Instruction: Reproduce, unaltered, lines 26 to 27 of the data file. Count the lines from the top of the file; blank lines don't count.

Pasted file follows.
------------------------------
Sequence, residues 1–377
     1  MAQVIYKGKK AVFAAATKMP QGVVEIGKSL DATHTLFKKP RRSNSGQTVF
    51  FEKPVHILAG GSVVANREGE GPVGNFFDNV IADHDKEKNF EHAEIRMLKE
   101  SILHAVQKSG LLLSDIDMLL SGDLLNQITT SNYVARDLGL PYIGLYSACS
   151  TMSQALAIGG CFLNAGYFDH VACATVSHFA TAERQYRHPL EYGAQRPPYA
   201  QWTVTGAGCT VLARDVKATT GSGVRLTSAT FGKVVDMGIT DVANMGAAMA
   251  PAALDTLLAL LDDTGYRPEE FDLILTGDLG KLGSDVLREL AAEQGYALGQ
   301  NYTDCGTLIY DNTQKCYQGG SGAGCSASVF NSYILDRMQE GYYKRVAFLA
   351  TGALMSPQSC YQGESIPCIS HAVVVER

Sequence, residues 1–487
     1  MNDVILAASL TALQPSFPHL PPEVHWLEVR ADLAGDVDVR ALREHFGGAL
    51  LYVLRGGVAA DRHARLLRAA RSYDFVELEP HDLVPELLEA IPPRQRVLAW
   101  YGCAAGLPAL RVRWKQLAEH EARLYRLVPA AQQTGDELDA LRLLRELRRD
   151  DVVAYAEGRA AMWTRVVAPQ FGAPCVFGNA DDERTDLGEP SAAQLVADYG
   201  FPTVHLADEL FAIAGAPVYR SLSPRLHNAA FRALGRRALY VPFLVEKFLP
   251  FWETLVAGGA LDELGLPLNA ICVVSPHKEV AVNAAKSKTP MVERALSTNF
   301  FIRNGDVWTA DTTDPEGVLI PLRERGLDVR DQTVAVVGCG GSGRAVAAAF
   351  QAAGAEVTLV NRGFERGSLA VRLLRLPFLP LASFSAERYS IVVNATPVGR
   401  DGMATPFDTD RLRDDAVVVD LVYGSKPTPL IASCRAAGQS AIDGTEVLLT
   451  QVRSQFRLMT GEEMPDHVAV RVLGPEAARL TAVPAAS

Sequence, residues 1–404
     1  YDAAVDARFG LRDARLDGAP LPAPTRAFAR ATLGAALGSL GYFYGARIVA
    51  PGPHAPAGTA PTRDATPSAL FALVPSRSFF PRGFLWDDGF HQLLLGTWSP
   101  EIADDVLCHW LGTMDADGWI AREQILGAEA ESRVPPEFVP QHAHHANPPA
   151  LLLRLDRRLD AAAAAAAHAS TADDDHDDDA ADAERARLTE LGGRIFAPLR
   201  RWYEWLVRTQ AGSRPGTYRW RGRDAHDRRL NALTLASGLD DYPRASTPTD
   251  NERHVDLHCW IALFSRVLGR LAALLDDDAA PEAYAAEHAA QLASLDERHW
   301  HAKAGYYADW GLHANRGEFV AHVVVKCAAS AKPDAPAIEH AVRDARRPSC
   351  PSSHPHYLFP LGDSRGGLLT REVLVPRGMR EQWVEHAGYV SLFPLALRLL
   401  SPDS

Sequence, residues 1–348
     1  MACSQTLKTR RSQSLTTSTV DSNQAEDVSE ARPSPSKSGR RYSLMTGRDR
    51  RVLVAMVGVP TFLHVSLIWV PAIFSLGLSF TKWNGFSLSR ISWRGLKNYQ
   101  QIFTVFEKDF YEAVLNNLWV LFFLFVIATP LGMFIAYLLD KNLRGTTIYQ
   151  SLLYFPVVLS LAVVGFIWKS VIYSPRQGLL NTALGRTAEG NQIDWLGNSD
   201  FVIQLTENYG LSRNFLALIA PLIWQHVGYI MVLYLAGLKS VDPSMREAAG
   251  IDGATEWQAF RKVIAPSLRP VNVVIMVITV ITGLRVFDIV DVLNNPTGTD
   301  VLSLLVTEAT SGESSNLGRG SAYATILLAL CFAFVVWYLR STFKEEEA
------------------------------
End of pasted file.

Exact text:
   201  RWYEWLVRTQ AGSRPGTYRW RGRDAHDRRL NALTLASGLD DYPRASTPTD
   251  NERHVDLHCW IALFSRVLGR LAALLDDDAA PEAYAAEHAA QLASLDERHW